China is set to make a major amendment to its Anti-Money Laundering regulations to include cryptocurrency-related transactions amid calls for greater scrutiny of the nascent crypto industry by policymakers in the country.

According to a report published in a local daily, On Jan. 22, 2024, Prime Minister Li Qiang chaired an executive meeting of the State Council to discuss the revised Anti-Money Laundering Law. The first revised draft of the country’s AML regulations was proposed in 2021, and the revised draft was included in the legislative work plan of the State Council in 2023 and will be signed into law by 2025.

This will be the first significant revision to China’s AML regulations in 17 years since its inception in 2007.

Prominent scholars and financial experts who participated in the discussion around AML’s revised draft said that the Anti-Money Laundering law involves a relatively broad scope, making it difficult for the revised draft to be comprehensive. The most urgent content can only be reflected in a framework first.

Wang Xin, a professor at Peking University Law School who participated in the discussion, stressed on the urgent need for resolving issues around crypto money laundering at the legal level. Xin added that the use of cryptocurrency and virtual assets for money laundering has gradually become a mainstream trend, and current Chinese laws lack a clear definition of the connotation and extension of virtual assets.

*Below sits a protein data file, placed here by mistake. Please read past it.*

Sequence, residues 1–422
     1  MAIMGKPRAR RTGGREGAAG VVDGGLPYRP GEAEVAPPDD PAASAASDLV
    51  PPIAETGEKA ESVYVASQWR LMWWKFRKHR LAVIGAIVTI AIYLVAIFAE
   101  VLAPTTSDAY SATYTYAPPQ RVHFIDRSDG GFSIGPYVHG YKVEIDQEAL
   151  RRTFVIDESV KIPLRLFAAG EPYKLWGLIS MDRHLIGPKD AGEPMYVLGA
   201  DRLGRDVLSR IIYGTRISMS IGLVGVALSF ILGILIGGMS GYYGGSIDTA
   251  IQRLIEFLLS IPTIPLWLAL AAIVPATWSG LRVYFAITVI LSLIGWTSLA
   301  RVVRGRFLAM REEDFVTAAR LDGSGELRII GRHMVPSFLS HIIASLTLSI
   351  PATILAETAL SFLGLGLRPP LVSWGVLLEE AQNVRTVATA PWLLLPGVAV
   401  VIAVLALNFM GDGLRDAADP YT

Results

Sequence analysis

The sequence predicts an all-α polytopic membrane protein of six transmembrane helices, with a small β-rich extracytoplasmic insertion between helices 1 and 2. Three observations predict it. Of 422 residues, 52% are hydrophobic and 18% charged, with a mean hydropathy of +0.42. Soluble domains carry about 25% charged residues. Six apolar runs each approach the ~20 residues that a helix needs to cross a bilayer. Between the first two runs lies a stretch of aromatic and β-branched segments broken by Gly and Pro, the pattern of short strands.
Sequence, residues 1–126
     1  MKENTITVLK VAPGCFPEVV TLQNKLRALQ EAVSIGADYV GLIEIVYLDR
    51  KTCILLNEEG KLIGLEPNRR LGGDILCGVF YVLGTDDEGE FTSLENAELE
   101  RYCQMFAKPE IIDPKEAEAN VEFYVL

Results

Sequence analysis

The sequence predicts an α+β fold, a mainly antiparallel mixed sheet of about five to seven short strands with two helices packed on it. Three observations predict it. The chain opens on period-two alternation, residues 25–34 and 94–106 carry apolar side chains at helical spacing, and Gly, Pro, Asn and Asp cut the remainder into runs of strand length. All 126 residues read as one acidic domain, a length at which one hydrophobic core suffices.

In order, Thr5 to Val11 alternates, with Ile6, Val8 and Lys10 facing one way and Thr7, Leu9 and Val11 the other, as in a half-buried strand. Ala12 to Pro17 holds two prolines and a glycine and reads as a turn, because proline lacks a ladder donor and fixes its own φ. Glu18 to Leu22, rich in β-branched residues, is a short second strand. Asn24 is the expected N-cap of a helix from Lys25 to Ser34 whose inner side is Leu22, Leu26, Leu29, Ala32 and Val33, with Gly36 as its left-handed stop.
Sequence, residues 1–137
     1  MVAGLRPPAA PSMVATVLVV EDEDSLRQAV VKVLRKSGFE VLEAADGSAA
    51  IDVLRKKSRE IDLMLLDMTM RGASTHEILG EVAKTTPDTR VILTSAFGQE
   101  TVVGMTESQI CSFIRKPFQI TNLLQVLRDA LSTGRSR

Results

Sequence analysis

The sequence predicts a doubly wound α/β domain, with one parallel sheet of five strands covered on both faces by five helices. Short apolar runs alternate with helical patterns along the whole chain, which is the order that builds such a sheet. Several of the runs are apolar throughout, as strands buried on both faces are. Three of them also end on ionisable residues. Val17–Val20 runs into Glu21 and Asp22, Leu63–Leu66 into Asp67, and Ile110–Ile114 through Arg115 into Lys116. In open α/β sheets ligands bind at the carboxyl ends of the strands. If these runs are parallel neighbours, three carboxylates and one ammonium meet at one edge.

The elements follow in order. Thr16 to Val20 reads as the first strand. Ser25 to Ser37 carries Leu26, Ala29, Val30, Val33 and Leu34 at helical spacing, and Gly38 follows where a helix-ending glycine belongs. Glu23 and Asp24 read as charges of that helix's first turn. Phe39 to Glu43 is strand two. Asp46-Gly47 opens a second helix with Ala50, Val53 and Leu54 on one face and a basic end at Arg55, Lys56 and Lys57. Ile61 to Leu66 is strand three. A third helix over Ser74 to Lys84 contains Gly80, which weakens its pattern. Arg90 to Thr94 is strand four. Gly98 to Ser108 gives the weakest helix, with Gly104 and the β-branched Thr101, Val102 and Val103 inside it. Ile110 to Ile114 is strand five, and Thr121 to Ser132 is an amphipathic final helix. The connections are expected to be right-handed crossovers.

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The professor noted that although the revised draft includes the prevention of virtual asset money laundering, there is a lack of operational guidance on the subsequent seizure, freezing, deduction, and confiscation of virtual assets from money laundering crimes, resulting in a “disconnect.” He added that there is still room for improvement to combat virtual asset-related money laundering.

China imposed a blanket ban on cryptocurrency use, prohibiting off-shore exchanges from offering services and banning all forms of mining. However, with technological advancements and the decentralized nature of cryptocurrencies, mainland users have found ways to access the crypto market, leading to money laundering risks. The new amended regulations aim to impose much stricter guidelines to curb such activities.

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